Already in the ’70s we were getting increasingly interested in funk, electronics and German psychedelia like Neu, Can and of course Kraftwerk. Our friend and sound system designer Tony Andrews (of Funktion One and Turbosound fame) was mad about funk and we used to have great parties with him dancing to Parliament & Bootsy’s Rubber Band etc. played loud on his PA rig while we were out of our heads on mushrooms. In a way these were like prototype raves, and it was no accident that Tony and our former sound engineer John Newsham got involved in doing the sound at acid house events in 1988! When I was producing Simple Minds I got involved in the early ’80s “futurist” club scene, and that was another one of many arrows pointing us in the eventual System 7 direction. But it was a long and gradual process, lasting nearly a decade from when we stopped touring with the Steve Hillage Band. We were looking for something but not quite sure what it was, but meeting Alex helped us realise that we were there already!
I hope you don’t mind me asking if psychedelics had any impact on you as musician? You played in bands that are regarded as “psychedelic” and with System 7 you were part of (at the times) growing population of underground dance music where psychedelics had its role.
Dave Stewart recently admitted in print, how the LSD experience was an inspiration for the structure and content of his and Mont Campbell’s music in Egg. Since many consider Arzachel to be a real representation of the kind of experimentation at UFO and Middle Earth, in hindsight, do you have rosy memories of those days and the merits of so many walls being broken down musically via the use of hallucinogenic drugs at that time? (For many, Arzachel is a real excellent example of the high point of psychedelia, along with Syd-era Floyd hence its continuing appeal, also along with early Egg..)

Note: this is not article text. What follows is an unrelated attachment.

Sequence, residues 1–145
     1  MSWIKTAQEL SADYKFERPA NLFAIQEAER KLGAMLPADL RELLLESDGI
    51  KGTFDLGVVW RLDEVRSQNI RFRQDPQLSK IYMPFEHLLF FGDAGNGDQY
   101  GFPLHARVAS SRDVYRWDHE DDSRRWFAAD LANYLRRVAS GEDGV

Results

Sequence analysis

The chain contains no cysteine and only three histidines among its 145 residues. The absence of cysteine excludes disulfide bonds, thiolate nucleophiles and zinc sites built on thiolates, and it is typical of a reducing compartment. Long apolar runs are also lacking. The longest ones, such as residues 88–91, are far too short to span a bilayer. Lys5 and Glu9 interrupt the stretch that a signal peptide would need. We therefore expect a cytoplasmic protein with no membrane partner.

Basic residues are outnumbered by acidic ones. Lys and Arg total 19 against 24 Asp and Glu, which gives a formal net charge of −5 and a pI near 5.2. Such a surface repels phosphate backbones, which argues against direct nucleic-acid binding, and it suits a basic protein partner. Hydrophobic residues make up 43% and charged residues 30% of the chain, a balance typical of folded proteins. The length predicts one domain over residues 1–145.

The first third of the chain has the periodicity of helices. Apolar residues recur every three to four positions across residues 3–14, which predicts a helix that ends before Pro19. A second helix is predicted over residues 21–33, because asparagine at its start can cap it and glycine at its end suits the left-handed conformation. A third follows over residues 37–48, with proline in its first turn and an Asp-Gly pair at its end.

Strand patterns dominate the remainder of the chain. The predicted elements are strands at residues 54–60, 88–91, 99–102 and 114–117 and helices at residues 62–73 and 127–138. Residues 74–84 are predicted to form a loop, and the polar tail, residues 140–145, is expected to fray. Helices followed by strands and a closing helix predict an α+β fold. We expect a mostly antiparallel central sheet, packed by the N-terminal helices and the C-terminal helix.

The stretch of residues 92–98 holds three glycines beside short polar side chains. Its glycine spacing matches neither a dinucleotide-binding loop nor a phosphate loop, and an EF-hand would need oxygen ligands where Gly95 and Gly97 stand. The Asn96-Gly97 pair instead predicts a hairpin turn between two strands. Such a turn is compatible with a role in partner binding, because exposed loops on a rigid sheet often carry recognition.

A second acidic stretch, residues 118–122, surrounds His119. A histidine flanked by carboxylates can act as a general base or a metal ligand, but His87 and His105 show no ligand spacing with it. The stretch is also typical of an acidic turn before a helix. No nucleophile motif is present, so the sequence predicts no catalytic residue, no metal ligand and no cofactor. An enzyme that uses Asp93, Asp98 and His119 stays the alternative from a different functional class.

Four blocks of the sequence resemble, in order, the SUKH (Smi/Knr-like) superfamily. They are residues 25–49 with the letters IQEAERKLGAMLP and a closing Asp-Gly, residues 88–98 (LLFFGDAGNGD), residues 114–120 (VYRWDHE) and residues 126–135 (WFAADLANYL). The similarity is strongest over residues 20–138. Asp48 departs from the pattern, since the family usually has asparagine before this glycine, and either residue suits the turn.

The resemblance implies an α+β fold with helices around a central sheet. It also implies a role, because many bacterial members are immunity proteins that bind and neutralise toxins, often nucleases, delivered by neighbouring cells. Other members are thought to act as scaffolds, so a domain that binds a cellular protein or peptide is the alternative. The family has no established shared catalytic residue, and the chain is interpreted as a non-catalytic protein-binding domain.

I first started smoking pot at the age of 14 and gradually developed an interest in psychedelics, although my main acid-dropping period started when I went to Canterbury university, which was actually after we made Arzachel. I guess we just had a naturally psychedelic frame of mind. My use of psychedelics reached a peak in my time in Gong. I’ve had many beneficial experiences, but also some difficult ones some of which are described in detail in the box set book. But yes, listening to music, playing music and constructing music while using psychedelics has been a strong part of my musical development. Working out the arrangements of Gong’s “Master Builder” and “Isle of Everywhere” with the whole band all on acid was a supreme moment!
What makes this box set so unique is the fact that you decided to include some material from your personal archive. Including concert performances (Brighton Dome November 1977, Munich April 1979, Hammersmith Odeon November 1979, The Steve Hillage Band Live At The Gong Family Unconvention 2006) and four discs (Sparks Volumes 1-4) packed with previously unheard and unreleased tracks, demos and alternate takes. Would you like to tell us more about this material?